30,000 Hongkongers rally against police sexual violence

Participants flash purple light to protest against sexual violence by Hong Kong police

#ProtestToo rally against police's sexual violence on Aug. 28
Chinese characters read "accusing police's sexual violence" and "Hong Kong police, perverted and low-classed"

#ProtestToo rally against police's sexual violence on Aug. 28 (AP photo)

Chinese characters read "accusing police's sexual violence" and "Hong Kong police, perverted and low-classed"

TAIPEI (Taiwan News) – A crowd of 30,000 Hongkongers lit the Chater Garden purple with their mobile phones on Wednesday evening (Aug. 28) to protest against the sexual violence perpetrated by Hong Kong police during their crackdown on the ongoing anti-extradition protests, the Stand News reports.

Participants wrote #ProtestToo, a reference to both the protests and the #MeToo movement, on their arms with lipstick and covered their mobile phones’ flashlights with transparent purple paper. Waves of purple light soon spilled into surrounding areas, as the park was not big enough to contain the larger-than-expected turnout.

Linda Wong (王秀容), the executive director of the Association Concerning Sexual Violence Against Women (ACSVAW), said that Hong Kong police officers have been filmed or accused of sexually assaulting both female and male protesters over the past three months, not only to humiliate them but also silence to them. Wong emphasized that the protesters will not, however, be silenced and that Hongkongers will continue to demand that acts of sexual violence committed by police be punished by law.

One victim, whose skirt and underwear were torn off during her arrest at Tin Shui Wai on August 5, said on stage that she is not ashamed of the incident because she had not done anything wrongful. She also said that she will not be afraid and stop protesting because that would further encourage police to use such methods to crack down on the protests.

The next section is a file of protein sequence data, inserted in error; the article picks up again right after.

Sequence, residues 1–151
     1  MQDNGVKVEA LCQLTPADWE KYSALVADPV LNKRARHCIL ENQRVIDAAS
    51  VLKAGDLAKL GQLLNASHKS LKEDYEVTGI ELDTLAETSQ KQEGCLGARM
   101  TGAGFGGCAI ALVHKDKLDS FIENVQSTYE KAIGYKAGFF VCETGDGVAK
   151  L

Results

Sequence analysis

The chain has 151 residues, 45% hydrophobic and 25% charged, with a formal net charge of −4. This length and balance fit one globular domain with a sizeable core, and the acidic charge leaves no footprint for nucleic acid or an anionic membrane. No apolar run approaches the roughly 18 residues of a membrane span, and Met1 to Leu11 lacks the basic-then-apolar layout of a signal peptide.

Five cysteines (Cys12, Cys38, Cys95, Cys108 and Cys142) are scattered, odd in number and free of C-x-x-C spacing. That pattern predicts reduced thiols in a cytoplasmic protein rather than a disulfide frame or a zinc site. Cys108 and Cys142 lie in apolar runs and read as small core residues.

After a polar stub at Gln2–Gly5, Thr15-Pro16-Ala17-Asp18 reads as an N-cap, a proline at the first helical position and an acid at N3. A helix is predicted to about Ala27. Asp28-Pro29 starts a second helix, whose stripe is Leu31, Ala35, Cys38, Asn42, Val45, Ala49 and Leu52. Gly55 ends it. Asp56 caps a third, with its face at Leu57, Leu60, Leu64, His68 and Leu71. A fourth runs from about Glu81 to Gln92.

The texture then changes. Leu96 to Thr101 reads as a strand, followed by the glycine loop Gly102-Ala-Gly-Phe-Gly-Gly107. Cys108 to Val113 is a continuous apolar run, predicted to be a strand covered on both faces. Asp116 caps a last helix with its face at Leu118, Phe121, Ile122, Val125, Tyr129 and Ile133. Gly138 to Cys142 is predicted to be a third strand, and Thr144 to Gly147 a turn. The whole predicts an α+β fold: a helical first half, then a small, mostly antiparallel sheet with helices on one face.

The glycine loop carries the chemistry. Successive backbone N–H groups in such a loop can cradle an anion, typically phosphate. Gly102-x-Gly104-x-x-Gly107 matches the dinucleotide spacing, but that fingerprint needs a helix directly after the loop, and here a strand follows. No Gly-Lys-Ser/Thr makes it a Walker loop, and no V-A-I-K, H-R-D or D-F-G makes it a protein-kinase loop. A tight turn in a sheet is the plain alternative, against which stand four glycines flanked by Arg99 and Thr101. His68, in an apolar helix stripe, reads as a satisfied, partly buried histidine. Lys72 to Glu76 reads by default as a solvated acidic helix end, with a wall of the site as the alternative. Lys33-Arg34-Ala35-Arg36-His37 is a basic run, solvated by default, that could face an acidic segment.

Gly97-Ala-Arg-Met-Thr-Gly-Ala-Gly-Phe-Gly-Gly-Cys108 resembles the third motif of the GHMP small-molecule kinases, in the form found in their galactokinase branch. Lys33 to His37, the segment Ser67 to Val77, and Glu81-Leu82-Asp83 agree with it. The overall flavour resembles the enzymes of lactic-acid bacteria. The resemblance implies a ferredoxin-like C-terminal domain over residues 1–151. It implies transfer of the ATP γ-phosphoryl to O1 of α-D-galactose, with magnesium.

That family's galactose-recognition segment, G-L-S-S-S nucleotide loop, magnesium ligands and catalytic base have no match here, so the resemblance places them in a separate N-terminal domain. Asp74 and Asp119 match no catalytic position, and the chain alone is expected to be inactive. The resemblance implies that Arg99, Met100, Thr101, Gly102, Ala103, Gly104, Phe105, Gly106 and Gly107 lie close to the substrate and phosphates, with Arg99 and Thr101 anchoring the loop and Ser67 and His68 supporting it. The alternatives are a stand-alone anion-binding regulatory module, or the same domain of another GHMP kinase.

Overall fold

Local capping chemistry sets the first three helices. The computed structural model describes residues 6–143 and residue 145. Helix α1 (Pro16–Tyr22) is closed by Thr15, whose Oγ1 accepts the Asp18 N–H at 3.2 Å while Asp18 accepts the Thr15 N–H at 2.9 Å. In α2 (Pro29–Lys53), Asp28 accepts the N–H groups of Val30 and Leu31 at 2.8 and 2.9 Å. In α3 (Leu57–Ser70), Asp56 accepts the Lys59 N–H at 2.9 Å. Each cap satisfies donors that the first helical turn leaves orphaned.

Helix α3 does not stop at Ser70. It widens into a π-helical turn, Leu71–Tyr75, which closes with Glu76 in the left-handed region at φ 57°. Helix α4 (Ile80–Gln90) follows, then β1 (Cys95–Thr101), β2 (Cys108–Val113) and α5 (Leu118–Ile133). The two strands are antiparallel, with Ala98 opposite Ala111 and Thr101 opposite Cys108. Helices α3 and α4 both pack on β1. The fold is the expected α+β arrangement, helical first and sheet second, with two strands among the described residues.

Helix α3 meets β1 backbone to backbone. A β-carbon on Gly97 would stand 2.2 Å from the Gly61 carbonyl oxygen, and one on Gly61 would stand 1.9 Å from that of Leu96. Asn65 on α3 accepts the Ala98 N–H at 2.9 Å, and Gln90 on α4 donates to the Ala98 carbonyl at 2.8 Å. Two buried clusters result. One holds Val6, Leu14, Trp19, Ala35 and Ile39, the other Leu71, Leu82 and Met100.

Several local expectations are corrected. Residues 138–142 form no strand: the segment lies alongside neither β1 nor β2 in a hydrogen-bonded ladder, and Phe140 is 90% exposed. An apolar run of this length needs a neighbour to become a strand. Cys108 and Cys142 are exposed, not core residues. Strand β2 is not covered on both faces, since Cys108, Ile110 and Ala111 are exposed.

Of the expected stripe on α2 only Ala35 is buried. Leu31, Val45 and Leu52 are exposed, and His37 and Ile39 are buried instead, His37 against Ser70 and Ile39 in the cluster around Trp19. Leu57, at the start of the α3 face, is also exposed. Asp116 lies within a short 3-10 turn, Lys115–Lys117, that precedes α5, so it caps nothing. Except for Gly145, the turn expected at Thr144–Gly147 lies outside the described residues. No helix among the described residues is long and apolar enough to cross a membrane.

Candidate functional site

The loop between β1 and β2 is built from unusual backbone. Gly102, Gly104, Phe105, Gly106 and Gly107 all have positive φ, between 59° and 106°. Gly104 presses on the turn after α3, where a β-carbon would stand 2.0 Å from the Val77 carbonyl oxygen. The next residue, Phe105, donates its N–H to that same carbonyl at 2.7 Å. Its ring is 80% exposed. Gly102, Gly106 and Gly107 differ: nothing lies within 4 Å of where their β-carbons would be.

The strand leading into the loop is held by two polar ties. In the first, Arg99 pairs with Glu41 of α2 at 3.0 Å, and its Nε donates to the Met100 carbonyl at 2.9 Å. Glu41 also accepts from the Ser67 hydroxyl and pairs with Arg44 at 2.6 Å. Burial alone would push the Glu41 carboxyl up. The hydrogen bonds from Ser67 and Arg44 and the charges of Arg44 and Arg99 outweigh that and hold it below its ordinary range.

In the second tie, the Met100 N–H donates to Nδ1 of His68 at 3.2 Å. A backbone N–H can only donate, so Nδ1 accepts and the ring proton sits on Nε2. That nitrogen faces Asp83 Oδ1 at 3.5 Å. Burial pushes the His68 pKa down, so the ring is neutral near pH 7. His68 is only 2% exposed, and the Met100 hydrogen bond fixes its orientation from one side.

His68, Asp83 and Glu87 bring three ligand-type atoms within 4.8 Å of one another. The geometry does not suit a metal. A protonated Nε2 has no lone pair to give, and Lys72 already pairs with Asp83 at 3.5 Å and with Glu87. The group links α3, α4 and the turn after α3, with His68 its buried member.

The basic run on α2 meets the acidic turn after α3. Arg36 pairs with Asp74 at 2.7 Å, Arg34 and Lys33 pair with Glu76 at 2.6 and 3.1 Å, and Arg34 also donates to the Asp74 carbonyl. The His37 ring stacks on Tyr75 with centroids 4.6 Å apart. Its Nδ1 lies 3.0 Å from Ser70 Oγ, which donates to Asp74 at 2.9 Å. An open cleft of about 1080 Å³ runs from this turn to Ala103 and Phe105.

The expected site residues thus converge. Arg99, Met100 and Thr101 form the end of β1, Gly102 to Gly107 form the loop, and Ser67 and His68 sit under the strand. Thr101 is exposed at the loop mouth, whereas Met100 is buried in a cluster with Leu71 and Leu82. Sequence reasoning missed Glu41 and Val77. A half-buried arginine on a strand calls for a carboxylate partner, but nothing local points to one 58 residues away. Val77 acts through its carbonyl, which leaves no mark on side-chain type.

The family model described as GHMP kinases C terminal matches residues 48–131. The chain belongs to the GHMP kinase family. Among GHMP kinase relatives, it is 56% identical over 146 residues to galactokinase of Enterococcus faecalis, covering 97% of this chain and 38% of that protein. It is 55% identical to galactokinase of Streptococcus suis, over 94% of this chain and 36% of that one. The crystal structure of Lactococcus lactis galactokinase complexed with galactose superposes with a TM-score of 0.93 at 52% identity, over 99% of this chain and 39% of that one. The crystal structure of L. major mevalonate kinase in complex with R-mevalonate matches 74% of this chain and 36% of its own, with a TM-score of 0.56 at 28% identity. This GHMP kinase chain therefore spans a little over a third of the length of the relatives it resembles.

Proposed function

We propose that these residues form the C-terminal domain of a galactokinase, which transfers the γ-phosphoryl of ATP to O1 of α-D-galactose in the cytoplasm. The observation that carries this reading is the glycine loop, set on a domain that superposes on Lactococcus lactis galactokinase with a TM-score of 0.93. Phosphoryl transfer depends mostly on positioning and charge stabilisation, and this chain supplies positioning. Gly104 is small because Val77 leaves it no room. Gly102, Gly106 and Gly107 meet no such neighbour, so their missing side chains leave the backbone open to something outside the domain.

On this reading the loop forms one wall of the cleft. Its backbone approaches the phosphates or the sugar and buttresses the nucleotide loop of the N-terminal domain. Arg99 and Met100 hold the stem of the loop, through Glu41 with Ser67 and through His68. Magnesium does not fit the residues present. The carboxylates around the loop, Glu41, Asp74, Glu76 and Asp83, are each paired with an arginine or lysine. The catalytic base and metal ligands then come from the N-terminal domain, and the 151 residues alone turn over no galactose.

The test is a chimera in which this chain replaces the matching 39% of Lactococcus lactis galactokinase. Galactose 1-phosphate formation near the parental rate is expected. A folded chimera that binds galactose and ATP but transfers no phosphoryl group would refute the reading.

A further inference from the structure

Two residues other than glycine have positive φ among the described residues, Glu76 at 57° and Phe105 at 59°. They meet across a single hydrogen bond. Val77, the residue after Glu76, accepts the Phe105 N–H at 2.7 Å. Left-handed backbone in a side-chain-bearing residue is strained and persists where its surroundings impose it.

Another female victim, whose bra was exposed by the police on June 12, said that a male officer had even attempted to stop her from pulling her shirt back over it, adding that the episode was so traumatic that she still needs to see a psychologist regularly. “We all hope this kind of thing will not happen again, but more importantly, we should not be used to the police using sexual violence as a tactic against us,” she said.

A female protester named Lui, who on August 23 accused two police officers of strip-searching her unnecessarily, also went on stage and urged more victims to speak up. The police have denied Lui’s accusation, saying it was a “lie” because there was “no written department record of the incident,” to which Lui replied, “The world will see who is telling the truth and who is lying.”

Participants in the rally chanted “Sisters, you have done nothing wrong,” “We are by your side,” and “Be strong” to support the victims who were brave enough to speak on stage. ACSVAW also accused law enforcement of having committed additional sexual assaults on behalf of victims who did yet not have the courage to come up on stage, including one who said that police had rubbed her clitoris with a hard object and refused her access to a toilet in order to watch her lose control of her bladder.

A protester named Chen brought with her an “excellent record” of sexual assaults by the police in the past few decades, including a police officer raping a 19-year-old woman after she had gone to the police station to report her missing purse in 2008. She said that sexual violence is not limited to female protesters, reminding the crowd of the two police officers who prodded an old male citizen’s groin with a baton in a hospital on June 26.

A participant named Ho said that it is shameful and unacceptable for the Hong Kong police, who proclaim themselves to be “the best in Asia,” to resort to such “low-class” methods. He added that rumors went as far as claiming the police are gang-raping arrested protesters in San Uk Ling Holding Centre, showing how far the police force's public image has fallen.

Updated : 2021-03-05 22:53 GMT+08:00